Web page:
The Hacker-Patient Privilege

The healthcare industry is an ubiquitous aspect of our lives. Since the moment we are born healthcare providers are there with us, helping us maintain a healthy mind and body. Billions of health records are created, updated, and exchanged on a daily basis, and that’s a big deal.

Lucky for us the US Government has implemented two major healthcare related laws. For starters, the Health Insurance Portability and Accountability Act (HIPAA) has been the golden standard for Medical Records and Protected Health Information (PHI) safeguarding since its enactment in 1996. On top of that, the Health Information Technology for Economic and Clinical Health Act (HITECH Act) was implemented in 2009 to establish new regulations focused on how medical data is exchanged electronically.

It would seem like all our medical information is in good hands, but reality couldn’t be farther from the truth. All it takes is a simple Google search: “healthcare data breaches” to uncover a scary panorama. In summary: several thousand patients’ records have been either illegally accessed, hacked, or stolen. It’s a bleak scenario for our nation’s healthcare system, and more than enough reason to be concerned.

One's medical data is another hacker's treasure

At first glance, we may think that not much can be done with stolen medical records, what value do they really have to a hacker? To put it in perspective: credit card numbers, legal names, addresses, and even social security numbers can be changed [1], effectively detaching your persona from the stolen information. However, medical records don't, they are mostly immutable. You can't change your date of birth, medical conditions, or prescription history.

Electronic Health Record (EHR) systems, and insurance companies keep detailed logs of your health related consultations and transactions. And while there are laws that requires them to have measures to delete said information after a set number of years, all the hacker needs is a clear profile of the patient’s identity. They can easily sell patient records for around $60 each in the deep web. [2]

Stolen medical records can be used, not only to open up bank accounts using your personal information, but also to commit insurance fraud by filling up prescriptions or medical identity theft. However, the most disturbing use is extortion. Cyber criminals have been known to harass or blackmail high-profile patients for money when they get ahold of a hidden diagnosis that can ruin their careers, relationships, or even lives [3].

The human condition

To understand the seriousness of this situation we need to have a better grasp of how breaches occur. All too often we blame it on outdated (unpatched) software, zero day vulnerabilities, or bad passwords. And though it still leaves the door open for cyber attacks, those are not the only culprits. Modern hackers have gone beyond glitch exploitation and brute force attacks to: phishing scams, weaponized ransomware, misconfigured cloud storage buckets, and social engineering; all of them focused on the hardest vulnerability to patch, the humans.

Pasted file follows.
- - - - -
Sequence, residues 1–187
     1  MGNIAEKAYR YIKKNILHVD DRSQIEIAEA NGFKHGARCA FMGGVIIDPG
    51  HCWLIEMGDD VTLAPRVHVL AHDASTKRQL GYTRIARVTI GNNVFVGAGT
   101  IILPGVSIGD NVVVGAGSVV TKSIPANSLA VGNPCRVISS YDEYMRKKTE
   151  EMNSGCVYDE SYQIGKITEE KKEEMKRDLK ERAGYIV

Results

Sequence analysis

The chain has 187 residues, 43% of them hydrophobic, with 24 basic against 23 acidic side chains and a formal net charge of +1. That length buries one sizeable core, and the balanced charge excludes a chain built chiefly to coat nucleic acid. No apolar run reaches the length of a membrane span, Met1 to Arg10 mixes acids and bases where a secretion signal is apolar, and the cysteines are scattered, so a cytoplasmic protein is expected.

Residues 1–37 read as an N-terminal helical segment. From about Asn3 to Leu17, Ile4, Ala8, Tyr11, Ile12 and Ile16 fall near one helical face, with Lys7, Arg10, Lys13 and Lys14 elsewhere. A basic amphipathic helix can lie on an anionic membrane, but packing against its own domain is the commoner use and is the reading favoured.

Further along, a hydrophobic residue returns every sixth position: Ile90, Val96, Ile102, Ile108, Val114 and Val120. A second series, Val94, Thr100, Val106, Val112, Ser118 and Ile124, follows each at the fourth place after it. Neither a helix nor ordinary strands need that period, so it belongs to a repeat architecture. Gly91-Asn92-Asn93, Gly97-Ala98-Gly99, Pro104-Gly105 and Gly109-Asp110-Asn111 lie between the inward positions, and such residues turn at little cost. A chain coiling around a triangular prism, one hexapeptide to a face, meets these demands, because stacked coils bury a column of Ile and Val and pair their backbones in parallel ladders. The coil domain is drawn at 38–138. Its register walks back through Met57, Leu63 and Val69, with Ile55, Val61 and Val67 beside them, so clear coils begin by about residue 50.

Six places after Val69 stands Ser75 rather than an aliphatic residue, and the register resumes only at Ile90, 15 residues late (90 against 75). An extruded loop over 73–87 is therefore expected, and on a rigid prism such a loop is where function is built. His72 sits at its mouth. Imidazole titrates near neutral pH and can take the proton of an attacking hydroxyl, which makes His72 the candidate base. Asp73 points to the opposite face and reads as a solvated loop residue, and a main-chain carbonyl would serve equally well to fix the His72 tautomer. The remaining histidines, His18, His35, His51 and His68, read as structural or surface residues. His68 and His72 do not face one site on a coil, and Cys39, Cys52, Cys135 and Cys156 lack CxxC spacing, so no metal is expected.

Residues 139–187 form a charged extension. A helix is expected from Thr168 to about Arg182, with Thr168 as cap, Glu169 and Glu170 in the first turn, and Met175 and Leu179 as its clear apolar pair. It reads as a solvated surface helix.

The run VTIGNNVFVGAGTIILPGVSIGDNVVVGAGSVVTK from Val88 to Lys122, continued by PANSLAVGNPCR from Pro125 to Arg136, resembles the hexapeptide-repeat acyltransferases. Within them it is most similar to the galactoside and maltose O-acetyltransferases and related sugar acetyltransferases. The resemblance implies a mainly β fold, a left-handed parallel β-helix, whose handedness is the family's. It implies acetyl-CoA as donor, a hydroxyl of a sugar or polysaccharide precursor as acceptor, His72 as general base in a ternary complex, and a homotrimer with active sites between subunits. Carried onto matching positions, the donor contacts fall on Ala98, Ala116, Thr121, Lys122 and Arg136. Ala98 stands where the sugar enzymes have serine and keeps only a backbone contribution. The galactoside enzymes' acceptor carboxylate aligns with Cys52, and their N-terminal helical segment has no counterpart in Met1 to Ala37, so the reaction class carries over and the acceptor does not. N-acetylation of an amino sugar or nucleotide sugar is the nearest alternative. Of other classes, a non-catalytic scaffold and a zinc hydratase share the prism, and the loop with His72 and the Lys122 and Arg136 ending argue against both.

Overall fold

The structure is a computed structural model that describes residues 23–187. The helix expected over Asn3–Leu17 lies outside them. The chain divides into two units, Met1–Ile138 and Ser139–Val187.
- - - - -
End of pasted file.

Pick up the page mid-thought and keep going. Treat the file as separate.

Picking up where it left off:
Let’s take, for instance, Anthem's massive breach in 2015. It has been labeled as "one of the largest cyber hacks of an insurance company's customer data." [4] It all started with a seemingly normal email message that enticed the user to download a file to their computer. Once the file was opened it wreaked havoc in Anthem’s network, allowing hackers to gain remote access to that computer and at least 90 other systems.

While having a strong infrastructure, security measures, and disaster recovery protocols to prevent these attacks is really important, taking care of your healthcare personnel is paramount.

From the customer service representatives who access the information every day to the janitor who picks up the confidential document bin every Friday, by training them they will become aware of the consequences of what an unauthorized access can cause if it were to happen. Furthermore, the executive branch needs to understand how important it is to invest in data protection policies, as an early cybersecurity investment can greatly save them from dire consequences in the future. Not only to ensure that your healthcare business is following regulations established by law, but also to establish consumer retention and trust.

Training personnel may seem like a daunting and often times a tedious process, but the benefits far outweigh the risks. Not to mention that the imparted knowledge will stay with them to your benefit in the short and long term. After all, we’re all patients.

Don’t know where to start? Fuxebox specializes in cybersecurity and government regulations. From personnel training, NIST SP 800-171 self-compliance guidance, to full compliance implementations, our team of experts can help you choose the best path for your business. Let us help unlock your business’ full potential. We invite you to contact us for a professional assessment.

References

  1. Do You Need a New Social Security Number? (https://www.consumer.ftc.gov/articles/0248-do-you-need-new-social-security-number#new)

  2. NBC News (https://www.nbcnews.com/news/us-news/hacking-health-care-records-skyrockets-n517686)

  3. LuxSci (https://luxsci.com/blog/hackers-targeting-medical-records.html)

  4. Commissioner Dave Jones, 2017 (http://www.insurance.ca.gov/0400-news/0100-press-releases/2017/release001-17.cfm)